For a while we were very strict about only spending one bill per day. Our grocery trips went up, but because we mostly buy fresh, and I’m limited in how long I can manage energy-wise in a shopping trip, it was okay with us. And it helped us build a really good habit. But now we’re somewhere in the middle, we don’t spend our entire budget the first day in a mega-giant hundred-dollar grocery shopping trip, leaving us annoyed at our budget, and struggling with it the rest of the week. But it’s more practical because spending more than a day’s worth at once can save more over all, and we’ve settled on a happy medium of a few days allowance at a time.

There is still barely anything in savings.  However. We have had a ton of unexpected expenses that we able to pay for promptly and in full without feeling the pinch or having to delay something that would affect our safety, like having a tire blow out on us. I finally felt really dumb when I looked over at my hubby and said, “I just realised I shouldn’t feel bad that most our savings have been used up on emergencies because that’s what an emergency fund is for…” He facepalmed.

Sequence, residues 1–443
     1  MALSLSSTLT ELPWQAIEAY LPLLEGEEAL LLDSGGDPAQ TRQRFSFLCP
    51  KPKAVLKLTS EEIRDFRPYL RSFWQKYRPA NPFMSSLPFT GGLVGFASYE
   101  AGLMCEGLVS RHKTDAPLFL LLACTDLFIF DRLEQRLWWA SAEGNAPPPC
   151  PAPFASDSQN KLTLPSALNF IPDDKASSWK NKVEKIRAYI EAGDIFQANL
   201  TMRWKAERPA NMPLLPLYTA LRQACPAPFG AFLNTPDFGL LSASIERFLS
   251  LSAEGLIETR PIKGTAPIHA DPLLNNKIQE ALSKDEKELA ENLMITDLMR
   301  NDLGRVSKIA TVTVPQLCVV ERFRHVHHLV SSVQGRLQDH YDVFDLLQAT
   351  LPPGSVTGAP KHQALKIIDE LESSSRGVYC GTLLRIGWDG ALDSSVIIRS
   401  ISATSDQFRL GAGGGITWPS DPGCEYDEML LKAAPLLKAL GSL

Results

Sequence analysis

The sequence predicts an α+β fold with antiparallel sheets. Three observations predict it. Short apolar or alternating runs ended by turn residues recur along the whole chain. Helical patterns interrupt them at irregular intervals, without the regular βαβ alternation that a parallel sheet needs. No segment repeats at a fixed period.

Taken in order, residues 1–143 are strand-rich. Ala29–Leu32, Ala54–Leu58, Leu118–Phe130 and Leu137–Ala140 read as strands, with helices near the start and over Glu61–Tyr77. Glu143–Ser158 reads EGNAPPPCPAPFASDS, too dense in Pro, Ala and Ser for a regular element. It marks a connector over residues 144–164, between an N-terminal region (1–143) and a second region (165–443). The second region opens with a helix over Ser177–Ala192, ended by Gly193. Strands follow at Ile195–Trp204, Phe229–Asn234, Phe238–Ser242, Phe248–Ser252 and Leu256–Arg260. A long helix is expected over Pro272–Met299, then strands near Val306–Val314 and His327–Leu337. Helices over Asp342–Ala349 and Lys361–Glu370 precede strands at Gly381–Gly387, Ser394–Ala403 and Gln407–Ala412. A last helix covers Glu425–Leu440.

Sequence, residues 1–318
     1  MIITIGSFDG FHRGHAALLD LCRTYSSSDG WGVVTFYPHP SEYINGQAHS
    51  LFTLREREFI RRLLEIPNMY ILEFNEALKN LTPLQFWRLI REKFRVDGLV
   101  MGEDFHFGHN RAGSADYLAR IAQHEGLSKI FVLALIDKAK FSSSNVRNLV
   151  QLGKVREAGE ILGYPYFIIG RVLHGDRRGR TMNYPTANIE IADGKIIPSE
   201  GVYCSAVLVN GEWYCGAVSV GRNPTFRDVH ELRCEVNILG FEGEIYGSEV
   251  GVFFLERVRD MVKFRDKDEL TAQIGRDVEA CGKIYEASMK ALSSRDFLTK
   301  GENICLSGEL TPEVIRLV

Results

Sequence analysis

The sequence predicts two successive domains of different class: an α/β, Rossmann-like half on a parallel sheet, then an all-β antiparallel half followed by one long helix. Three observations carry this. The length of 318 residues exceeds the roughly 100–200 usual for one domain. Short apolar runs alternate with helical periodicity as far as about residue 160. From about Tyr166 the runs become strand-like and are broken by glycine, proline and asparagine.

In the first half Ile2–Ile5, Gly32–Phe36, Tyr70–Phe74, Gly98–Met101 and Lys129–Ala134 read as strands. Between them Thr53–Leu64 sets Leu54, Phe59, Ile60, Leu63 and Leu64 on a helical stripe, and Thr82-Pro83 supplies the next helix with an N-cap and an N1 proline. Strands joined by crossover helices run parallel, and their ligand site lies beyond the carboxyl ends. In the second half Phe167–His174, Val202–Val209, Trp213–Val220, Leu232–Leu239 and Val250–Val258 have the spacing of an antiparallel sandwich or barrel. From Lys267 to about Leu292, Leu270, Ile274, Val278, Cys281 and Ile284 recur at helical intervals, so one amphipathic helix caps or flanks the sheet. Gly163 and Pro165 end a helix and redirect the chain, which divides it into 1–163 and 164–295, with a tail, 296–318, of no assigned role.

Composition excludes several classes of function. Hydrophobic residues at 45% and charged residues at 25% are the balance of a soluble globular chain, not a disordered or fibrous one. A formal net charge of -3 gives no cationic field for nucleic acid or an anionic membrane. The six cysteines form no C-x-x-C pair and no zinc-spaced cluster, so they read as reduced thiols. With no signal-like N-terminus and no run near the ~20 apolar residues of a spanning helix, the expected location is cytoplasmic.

I also have just realised that now everyone knows that the spare cash cache is a teapot. (See what I did there?) Good luck figuring out which one of all of the them, in a timely manner though. (Hubby has put a moratorium on buying teapots.) Time for a new system or hiding place, maybe? Although most of the time I’m just like, Oh you need five bucks, sure. I’m staying in the garden and I’m not climbing back up those stairs, its in the teapot…

Image by congerdesign from Pixabay